I don’t like “celebrating” or “commemorating” a person’s death. I’d rather celebrate their life. Having said that, a year ago today, my mother’s body was found after she’d been missing for over a month. Needless to say, my thoughts are veering today in the direction of family that I have loved and lost.
My grandmother died when I was 15 years old. The funeral was held on my birthday. My mother took it HARD. “Hard” meaning that she would spend the next 34 years not allowing anyone else to love her.
I know this because the day that my sister Traci died, Mom declared to a room full of people–with my sister’s body still warm upstairs and me standing next to her–that her mother “is the only one in this world who really loved me!”. No one else in the room reacted, probably chalking the statement up to grief and the heat of the moment. I, on the other hand, immediately marched out of the house to keep myself from responding in the heat of the moment. Tragedy was like wine to my mother; it gave her the excuse to say hurtful, inappropriate things and get away with it.
I eventually did go back into the house, where I took over the entire funeral process, from the collection of the body to the placing of the headstone, all with my mother leading the Criticism Brigade.
You’re welcome, Mom.
It was Mom who’d frequently said to me, “When you lose your mother, when you lower that woman into the ground, you’ve lost somebody.” It was the only thing that I believed straight out of her mouth, because she said it with the vocal authority of a preacher. When Steve Harvey talks about the death of his mother, he has the exact same facial expression and vocal authority that Mom used to have. I knew that her pain was real.
If I were to be honest, Traci’s death actually hit me harder, because it was unexpected. I’d talked to her on the phone the night before (Christmas Night), and we were good. I was planning to suprise her with a visit the next day. Getting the call that morning that she was “gone”….that still takes the air out of my lungs. She was the youngest of the three of us. She was NOT supposed to be dead.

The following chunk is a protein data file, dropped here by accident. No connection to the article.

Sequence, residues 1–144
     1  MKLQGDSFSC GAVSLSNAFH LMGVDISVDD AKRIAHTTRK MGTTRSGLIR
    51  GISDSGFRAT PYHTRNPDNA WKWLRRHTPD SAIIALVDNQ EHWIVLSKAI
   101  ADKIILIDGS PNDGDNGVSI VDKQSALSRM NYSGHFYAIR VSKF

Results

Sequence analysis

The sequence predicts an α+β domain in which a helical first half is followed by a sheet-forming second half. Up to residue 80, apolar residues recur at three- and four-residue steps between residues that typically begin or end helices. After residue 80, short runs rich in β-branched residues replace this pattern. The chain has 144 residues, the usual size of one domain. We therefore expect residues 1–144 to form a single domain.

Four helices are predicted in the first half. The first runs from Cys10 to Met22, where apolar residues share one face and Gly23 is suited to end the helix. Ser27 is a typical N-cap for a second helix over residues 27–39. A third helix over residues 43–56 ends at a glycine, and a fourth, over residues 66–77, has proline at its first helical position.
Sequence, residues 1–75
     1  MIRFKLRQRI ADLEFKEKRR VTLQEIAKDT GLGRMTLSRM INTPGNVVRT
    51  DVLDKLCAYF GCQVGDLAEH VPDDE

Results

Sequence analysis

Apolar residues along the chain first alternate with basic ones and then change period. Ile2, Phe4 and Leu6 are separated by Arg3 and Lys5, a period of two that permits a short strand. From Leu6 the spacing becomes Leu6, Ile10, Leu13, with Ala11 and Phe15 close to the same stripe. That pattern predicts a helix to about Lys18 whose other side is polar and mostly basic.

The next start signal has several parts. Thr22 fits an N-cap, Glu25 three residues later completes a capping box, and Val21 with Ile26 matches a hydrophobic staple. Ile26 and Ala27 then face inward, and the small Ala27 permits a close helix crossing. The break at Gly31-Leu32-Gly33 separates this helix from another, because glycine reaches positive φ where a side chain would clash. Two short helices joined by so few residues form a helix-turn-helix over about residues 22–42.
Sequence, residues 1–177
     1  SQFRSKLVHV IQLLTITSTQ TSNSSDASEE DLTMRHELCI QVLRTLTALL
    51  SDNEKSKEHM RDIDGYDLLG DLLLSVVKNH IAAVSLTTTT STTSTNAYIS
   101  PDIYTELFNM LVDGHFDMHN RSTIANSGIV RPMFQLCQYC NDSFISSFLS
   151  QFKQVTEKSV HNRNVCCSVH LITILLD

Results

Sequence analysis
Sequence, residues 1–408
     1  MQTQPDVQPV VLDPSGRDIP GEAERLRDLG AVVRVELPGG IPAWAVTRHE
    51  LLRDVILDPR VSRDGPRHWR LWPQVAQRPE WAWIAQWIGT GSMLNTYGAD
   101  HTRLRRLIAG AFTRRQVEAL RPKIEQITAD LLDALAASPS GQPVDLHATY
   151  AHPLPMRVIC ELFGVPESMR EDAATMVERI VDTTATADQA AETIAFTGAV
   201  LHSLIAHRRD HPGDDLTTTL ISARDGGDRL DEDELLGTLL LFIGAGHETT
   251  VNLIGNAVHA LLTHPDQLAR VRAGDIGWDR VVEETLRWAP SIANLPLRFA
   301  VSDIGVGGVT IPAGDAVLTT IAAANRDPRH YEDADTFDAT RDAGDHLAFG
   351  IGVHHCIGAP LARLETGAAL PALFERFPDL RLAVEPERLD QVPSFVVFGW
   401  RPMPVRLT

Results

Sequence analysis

Whew…..let’s keep it moving….
Mom’s words have been stuck in my head since 2012, when it was clear to me that Alzheimer’s would be the cause of her death. In her case, I tried to prepare myself for the inevitable. I researched symptoms and the stages of progression. Every time I listened to her mind slip further and further away, I prayed that God would turn my spine to steel. I even tried to picture her in the final stages of the disease, where she would have been bedridden, unable to speak, and uncharacteristically helpless.
I wasn’t ready, because nobody told me that Life–and Death–was going to kick me this hard in the teeth.
Nobody told me that I would bury my entire family in the span of 7 years.
Nobody told me that my baby sister–the first child that I ever raised–would die suddenly in her sleep.
Nobody told me that my mother would wander away from her home and never come back alive.
Nobody told me that Mom’s death would not silence her voice in my head or resolve the issues that we had after Traci died.
Nobody told me that I would spend much of my day fussing out loud at Traci, my mother, and God.
I know…it’s all part of the grieving process.
I know…I’m not the only one who has buried her only parent and sibling. I have two cousins who have done the same thing. We don’t talk to each other.
Yes, I know that this, too, will pass.
It’s the day-to-day roller coaster of emotions that sometimes feel too heavy to deal with. At this point, my backbone must be made of vibranium, because in spite of the war going on in my head, I’m still here.
Still here. Still happy–most days. Still taking things one day at a time. And still looking forward to what’s coming next.